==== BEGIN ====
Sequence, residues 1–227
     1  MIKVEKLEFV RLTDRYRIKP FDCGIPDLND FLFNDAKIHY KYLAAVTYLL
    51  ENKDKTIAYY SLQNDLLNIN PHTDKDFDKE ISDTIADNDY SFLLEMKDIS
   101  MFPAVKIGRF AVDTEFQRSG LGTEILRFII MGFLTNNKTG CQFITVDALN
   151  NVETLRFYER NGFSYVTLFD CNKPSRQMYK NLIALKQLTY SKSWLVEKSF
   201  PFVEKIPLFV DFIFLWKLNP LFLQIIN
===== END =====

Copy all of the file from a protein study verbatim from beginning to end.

Sequence, residues 1–227
     1  MIKVEKLEFV RLTDRYRIKP FDCGIPDLND FLFNDAKIHY KYLAAVTYLL
    51  ENKDKTIAYY SLQNDLLNIN PHTDKDFDKE ISDTIADNDY SFLLEMKDIS
   101  MFPAVKIGRF AVDTEFQRSG LGTEILRFII MGFLTNNKTG CQFITVDALN
   151  NVETLRFYER NGFSYVTLFD CNKPSRQMYK NLIALKQLTY SKSWLVEKSF
   201  PFVEKIPLFV DFIFLWKLNP LFLQIIN